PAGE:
We remember pets in shelters and rescues every day here on The Creative Cat and hope you’ll visit the site and light a virtual candle, and also spread the word in social media as well as go out and actively encourage someone to adopt a pet from a shelter. Locally, an article cited statistics from a Best Friends Animal Society survey of 1,000 young adults, the new generation of pet guardians, showing that only 31% had adopted their pets from shelters, had little idea that pets faced euthanasia if they weren’t adopted, and viewed shelter pets as “damaged goods”. Others insist they need to “know what they’re getting” when they adopt an animal and opt for a purebred pet. We need to even out the playing field and highlight all those animals in shelters who are waiting to fill the needs of these prospective adopters.
Shelters for animals are the center of services for them, a place to land when homeless but not the end of the line or their only option for finding a new home. Many shelters have outreach programs that place pets in PetSmart programs or in other pet stores in their area, or who have adoption kiosks in malls, who attend community events or any number of other offsite adoption opportunities for animals. Many also work with their local community through smaller rescues who can take special needs pets and foster homes who can raise young kittens or puppies, administer medications to sick animals or socialize a frightened animal. All these actions have helped to reduce the numbers of euthanasia in shelters as well as increase the adoption of animals who find themselves in shelters.
Last year on Remember Me Thursday I shared the story of Baxter and Bailey, two cats who we won’t be remembering by lighting candles today because of a shelter who does its best to give frightened cats an extra chance, rescuers who were ready to take the two and a foster home who helped them recover from the trauma of losing their human. The actions of the shelter itself, their rescuers and their foster home all changed the game for these two cats and proved that shelter cats are worth the effort of saving and are excellent pets.
*These statistics are from the HSUS.
Can’t adopt? Foster! Can’t foster? Donate or volunteer.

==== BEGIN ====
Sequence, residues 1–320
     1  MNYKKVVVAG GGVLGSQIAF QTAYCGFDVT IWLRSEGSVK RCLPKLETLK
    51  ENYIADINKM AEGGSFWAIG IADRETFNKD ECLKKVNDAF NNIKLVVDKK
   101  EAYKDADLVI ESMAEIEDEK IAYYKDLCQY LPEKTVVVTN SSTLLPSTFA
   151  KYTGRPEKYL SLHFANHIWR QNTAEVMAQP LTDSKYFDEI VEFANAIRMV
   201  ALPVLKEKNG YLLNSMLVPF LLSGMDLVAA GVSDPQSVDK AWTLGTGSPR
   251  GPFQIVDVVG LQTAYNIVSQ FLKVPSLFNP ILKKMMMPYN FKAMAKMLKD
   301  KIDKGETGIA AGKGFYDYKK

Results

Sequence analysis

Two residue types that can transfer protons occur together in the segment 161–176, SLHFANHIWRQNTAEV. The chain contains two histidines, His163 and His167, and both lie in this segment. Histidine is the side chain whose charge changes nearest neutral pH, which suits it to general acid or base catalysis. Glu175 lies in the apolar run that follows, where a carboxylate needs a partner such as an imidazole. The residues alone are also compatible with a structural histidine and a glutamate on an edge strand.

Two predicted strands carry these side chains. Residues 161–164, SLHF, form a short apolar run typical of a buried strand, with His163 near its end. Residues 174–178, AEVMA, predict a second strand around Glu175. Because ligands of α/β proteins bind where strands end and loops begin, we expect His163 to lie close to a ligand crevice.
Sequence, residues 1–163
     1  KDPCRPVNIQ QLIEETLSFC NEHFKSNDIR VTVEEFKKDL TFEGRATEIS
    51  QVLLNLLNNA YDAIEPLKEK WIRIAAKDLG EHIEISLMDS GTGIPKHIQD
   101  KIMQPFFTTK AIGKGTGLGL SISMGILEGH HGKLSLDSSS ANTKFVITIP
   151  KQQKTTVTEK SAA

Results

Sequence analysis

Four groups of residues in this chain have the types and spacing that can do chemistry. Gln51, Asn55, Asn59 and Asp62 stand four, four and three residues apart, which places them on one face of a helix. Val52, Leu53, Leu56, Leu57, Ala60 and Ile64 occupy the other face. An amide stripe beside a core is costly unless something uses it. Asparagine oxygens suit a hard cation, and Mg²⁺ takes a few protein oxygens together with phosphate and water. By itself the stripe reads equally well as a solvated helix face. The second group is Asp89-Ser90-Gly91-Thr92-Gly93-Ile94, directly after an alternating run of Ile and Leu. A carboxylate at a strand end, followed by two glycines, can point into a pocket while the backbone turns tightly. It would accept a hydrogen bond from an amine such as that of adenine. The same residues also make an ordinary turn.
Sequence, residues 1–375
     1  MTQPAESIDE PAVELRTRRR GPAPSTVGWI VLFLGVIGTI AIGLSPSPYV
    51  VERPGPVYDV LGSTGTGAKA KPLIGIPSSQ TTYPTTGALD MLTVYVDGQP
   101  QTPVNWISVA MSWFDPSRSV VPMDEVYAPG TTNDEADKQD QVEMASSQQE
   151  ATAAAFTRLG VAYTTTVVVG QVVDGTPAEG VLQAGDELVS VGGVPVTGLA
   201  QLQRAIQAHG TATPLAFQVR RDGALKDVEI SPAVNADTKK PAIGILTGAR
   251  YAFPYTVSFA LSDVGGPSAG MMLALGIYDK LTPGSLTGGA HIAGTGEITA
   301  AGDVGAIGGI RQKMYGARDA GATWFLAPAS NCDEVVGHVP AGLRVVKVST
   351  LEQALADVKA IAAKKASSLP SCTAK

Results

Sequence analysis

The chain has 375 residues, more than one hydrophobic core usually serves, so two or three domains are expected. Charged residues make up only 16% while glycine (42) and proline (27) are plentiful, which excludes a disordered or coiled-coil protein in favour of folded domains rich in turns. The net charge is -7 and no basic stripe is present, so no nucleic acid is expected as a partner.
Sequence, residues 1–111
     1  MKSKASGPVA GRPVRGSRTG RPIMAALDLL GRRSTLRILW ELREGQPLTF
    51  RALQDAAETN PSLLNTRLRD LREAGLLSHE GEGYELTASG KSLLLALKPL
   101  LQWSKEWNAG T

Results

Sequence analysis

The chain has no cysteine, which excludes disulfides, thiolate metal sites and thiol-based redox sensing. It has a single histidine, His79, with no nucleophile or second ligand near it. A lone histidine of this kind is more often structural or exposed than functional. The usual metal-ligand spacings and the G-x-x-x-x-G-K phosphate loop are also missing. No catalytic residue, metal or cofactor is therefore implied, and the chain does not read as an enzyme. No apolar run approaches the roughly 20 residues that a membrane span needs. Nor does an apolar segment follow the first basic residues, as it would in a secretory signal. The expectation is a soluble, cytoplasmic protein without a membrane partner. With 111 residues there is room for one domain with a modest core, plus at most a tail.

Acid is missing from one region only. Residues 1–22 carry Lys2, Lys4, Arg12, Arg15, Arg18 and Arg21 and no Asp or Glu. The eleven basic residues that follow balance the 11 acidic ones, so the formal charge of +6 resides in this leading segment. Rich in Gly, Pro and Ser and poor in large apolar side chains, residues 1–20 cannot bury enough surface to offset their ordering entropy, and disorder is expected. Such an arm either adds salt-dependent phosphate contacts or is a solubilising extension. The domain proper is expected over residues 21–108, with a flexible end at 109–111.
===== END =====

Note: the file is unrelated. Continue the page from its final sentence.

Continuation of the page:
There are so many ways you can help cats who need homes and care. You may not have room to adopt another cat, but can foster a cat or kitten for a few weeks. If not that, you can volunteer at a shelter or with a rescue, or donate. You do this because you love your cat, and by doing so you help all cats. No matter which of these actions you take, you help to save a life, and make life better for all cats.
- Adopt one of the cats I’ve posted here, or from any shelter or rescue near you, or from Petfinder, to open up a space for another cat to be rescued and fostered.
- Offer to foster cats or kittens for a shelter or rescue near you.
- Volunteer at a shelter or rescue.
- Find a group of volunteers who work with homeless cats and help them with their efforts.
- Donate to a shelter or rescue near you.
If you can foster kittens or adults cats to help prepare them for a forever home, please run to your nearest shelter and find a cat who needs you! Anyone can help with this effort at any level, even if all you do is donate to a shelter or rescue so they can help to pay for the food or medications needed for their foster, or the spay/neuter/veterinary care during a clinic.
Need to know more? Read Fostering for Your Shelter and Fostering Saves Lives
Browse some rescued cats and kittens—browse here or visit PittsburghCAT!
All images used on this site are copyrighted to Bernadette E. Kazmarski unless otherwise noted and may not be used without my written permission. Please ask if you are interested in using one in a print or internet publication. If you are interested in purchasing a print of this image or a product including this image, check my Etsy shop to see if I have it available already. If you don’t find it there, visit Ordering Custom Artwork for more information on a custom greeting card, print or other item.
Do you appreciate the stories and images we offer you each day?